Farmers Stick Neck Out and Raise Alpacas
Subject Costs, revenue and profit
Topic Profit Maximization and the Firm
Key Words Owners, quality, sell, cost, importing, resale, fees
News Story

Alpacas were once a curiosity seen virtually only in a zoo. Times have changed. They are now being farmed for their wool. In 1990 there were 1,330 registered alpacas; in July 2000 there were 29,856. the number of owners has expanded from 146 in 1991 to 2,919 today. Alpacas are "easy keepers', being well-mannered and requiring minimal food, water, shelter, and care. Their hardiness results from their ancestry in the Andes mountains. They live 15 to 25 years.

Alpaca fleeces are silky, durable, insulative, and water-resistant. They may be used to make sweaters, for example. Fleece sells for $2 to $8 an ounce, depending on color and quality. Each alpaca produces five to eight pounds of fleece a year. A sweater requires about a pound of wool. It may sell for $400 although the yarn may cost only $40 and the labor $100.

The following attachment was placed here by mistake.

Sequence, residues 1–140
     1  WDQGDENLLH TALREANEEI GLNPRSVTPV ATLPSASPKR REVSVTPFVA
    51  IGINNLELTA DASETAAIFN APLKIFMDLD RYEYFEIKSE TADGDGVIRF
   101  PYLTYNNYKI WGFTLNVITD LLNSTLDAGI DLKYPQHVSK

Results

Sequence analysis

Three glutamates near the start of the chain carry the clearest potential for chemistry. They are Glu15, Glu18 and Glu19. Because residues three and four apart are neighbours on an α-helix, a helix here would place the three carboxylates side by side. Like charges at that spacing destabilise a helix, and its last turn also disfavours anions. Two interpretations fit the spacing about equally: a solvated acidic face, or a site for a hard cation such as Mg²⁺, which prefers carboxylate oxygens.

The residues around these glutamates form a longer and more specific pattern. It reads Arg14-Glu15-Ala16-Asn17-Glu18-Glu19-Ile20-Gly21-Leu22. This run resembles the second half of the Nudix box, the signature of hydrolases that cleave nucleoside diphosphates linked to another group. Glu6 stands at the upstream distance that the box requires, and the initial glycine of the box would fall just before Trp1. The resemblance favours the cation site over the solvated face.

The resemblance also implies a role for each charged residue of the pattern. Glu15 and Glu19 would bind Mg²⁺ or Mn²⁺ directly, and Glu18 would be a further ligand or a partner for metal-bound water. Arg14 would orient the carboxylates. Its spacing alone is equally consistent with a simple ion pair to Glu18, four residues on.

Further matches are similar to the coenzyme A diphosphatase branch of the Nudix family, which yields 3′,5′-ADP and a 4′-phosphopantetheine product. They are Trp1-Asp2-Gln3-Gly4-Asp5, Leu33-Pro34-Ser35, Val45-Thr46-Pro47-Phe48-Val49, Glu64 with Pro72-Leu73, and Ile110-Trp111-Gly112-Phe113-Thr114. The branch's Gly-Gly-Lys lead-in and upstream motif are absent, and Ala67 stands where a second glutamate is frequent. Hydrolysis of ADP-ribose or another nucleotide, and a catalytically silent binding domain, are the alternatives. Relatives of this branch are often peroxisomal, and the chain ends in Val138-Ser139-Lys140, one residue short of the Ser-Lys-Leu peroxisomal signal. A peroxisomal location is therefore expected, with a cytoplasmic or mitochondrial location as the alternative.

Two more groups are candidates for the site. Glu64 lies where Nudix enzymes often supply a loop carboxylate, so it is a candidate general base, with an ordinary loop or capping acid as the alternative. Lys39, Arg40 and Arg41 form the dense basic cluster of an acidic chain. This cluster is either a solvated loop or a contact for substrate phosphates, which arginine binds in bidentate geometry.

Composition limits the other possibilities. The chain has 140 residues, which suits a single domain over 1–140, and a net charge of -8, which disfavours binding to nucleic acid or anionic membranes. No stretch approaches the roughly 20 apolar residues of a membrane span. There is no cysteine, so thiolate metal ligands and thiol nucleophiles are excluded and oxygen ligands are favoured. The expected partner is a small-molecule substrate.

Since alpacas reproduce at a slow rate and importing is tightly restricted, some herd owners breed alpacas for resale. Females yield $12,500 to $40,000, while herd sires have sold for as much as $165,000. Stud fees can be $2,000 to $5,000 for prize bulls. Some farmers are vertically integrated - they breed alpacas, farm their wool, and make alpaca clothes.

(Updated September 1, 2000)


1. On alpaca farms, what are the

a) fixed costs?
b) variable costs?


a) Why might it be beneficial to add more and more alpacas to a given amount of farmland?
b) At what point might it not be beneficial?

3 What is the typical annual revenue from one alpaca raised for its wool? State any assumptions that you make.
4. If you were a profit-maximizing farmer, how would you decide whether to add another alpaca to your herd?

Source Glenn Collins, "Soft, Gentle, Cute, Lucrative and New on the Farm," The New York Times, August 11, 2000.

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